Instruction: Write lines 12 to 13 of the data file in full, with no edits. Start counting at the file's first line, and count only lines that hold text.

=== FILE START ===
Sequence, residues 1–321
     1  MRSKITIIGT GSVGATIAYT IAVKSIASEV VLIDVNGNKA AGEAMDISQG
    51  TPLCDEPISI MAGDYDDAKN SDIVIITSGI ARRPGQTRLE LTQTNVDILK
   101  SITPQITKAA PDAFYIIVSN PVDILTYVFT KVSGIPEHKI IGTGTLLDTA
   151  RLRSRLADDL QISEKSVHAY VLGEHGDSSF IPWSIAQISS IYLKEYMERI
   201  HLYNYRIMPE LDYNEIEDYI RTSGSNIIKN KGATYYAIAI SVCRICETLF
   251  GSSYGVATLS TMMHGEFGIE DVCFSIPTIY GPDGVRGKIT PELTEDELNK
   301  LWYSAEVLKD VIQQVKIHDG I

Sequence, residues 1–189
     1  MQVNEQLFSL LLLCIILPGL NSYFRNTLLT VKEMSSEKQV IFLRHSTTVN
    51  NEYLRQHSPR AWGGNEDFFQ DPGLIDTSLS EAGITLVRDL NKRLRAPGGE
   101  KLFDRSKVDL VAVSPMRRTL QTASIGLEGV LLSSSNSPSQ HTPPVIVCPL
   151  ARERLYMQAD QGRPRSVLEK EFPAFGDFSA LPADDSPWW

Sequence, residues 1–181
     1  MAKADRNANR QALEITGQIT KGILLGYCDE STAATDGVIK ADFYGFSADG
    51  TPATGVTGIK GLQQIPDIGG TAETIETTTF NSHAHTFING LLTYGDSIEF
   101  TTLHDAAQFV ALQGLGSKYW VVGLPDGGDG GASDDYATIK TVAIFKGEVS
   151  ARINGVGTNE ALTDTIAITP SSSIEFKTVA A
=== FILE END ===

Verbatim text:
   101  KLFDRSKVDL VAVSPMRRTL QTASIGLEGV LLSSSNSPSQ HTPPVIVCPL
   151  ARERLYMQAD QGRPRSVLEK EFPAFGDFSA LPADDSPWW